There are tons of things to unlock within the game, mostly upgrades but you need to purchase them with experience. As you progress through the levels you will gain experience. You can spend this experience to learn new combos and new spells. As you progress through the game, more combos and spells will unlock for you to purchase. There are also bonus items that don’t help you within the game that you can purchase with experience; however, it is mostly just artwork. There are also a bunch of weapon upgrades and hidden objects hidden throughout the levels. Usually there is one upgrade per level and a few gems and scrolls hidden around. The gems are used to increase your health and magic meters, and the scrolls reveal some backstory. You can’t always get the items on the first attempt through a level, and they may require you to return with a better spell or new move. This detail here, almost calls back to the old Castlevania gamestyle, but it is rarely required to turn back for those items. The entirety of the game is pretty linear.
Audio & Graphics
The soundtrack is superb. The epic music creates a perfect atmosphere while you are playing. This is the kind of music you would hear in a big movie title. The big boss battles are stunning, with music to match the pace of the battle almost perfectly. The only downfall in the audio is the melodramatic lines that the voice actors had to read; the voice actors were superb, but there lines were somewhat disappointing.
The graphics are sunning as well. The levels are massive, and the game is simply beautiful to look at. Every chapter is unique and carries its own mood as you play through it. The only problem I had was the fact that the game had a bit too much light. There weren’t many moments where I felt the dark embrace of a shadowy corridor, or the spookiness of a deep cave. I’m not completely complaining about it, because I hate games where the entire thing is dark and a pain to see; but this game could have done with just a bit more.
The achievements are nice and will have you playing the game in its entirety. A lot of the achievements require you to pretty much buy everything within the game with your experience points. There are also levels to beat, collectables to find, weapon upgrades to discover, and a whole bunch of secret achievements that aren’t actually story based. I usually reveal the secret achievements if they are story based and don’t give any real spoilers, but in this case I cannot do that; so no achievement list for you. But I can tell you this: “you will be playing this game a lot, and quite a few times in order to get all the achievements.” In order to get some of the higher scoring achievements you need to beat each level once, then beat the trial you unlock on that level as well as beating it on the hardest difficulty (which are both unlocked by beating the level once). You can do both the trial, and the hardest difficulty the same time, but I wouldn’t advise it. Luckily, the disjointed level setup helps with the achievements a lot. Since every single section of the game is split up into bite-sized chunks, you can pretty much get back to any part extremely quickly.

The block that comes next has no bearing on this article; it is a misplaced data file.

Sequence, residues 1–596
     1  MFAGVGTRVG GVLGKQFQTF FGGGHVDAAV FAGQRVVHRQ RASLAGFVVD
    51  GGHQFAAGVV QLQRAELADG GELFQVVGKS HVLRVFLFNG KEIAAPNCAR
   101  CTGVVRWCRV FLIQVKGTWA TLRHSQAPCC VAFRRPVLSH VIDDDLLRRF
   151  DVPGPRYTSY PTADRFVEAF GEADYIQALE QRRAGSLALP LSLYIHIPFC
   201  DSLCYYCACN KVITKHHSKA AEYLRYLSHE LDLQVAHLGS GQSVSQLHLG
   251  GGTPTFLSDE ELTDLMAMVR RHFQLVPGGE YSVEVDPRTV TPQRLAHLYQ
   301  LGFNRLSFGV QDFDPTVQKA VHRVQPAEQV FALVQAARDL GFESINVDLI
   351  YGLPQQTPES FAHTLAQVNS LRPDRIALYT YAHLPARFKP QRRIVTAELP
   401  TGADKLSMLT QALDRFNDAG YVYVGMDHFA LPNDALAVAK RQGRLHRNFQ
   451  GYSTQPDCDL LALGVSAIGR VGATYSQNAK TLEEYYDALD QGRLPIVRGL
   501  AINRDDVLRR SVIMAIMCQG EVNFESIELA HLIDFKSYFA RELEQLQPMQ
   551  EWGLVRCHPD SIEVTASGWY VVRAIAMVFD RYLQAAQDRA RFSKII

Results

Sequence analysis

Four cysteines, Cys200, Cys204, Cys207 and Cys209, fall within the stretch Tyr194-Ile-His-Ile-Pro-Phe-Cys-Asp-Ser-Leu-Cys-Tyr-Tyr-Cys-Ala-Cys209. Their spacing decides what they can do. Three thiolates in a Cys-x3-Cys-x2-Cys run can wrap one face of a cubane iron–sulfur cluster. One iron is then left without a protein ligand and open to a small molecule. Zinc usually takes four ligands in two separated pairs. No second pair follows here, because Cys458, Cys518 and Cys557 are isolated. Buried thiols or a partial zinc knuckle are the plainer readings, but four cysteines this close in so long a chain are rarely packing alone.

The real problem that lies in this game is the fact that “Castlevania” is in the title. A lot of people expect a totally different kind of game and a different gameplay style all together. The story doesn’t even follow that closely either; aside from the vampires, werewolves, and skeletons. Once you get passed the fact that this game doesn’t play like the more popular Castlevania games you will be able to enjoy it a lot more. The game easily makes up for straying from the Castlevania formula by providing beautiful scenery, an epic soundtrack, fun gameplay, and a massive game with tons to explore and even more things to kill.
I give Castlevania: Lords of Shadow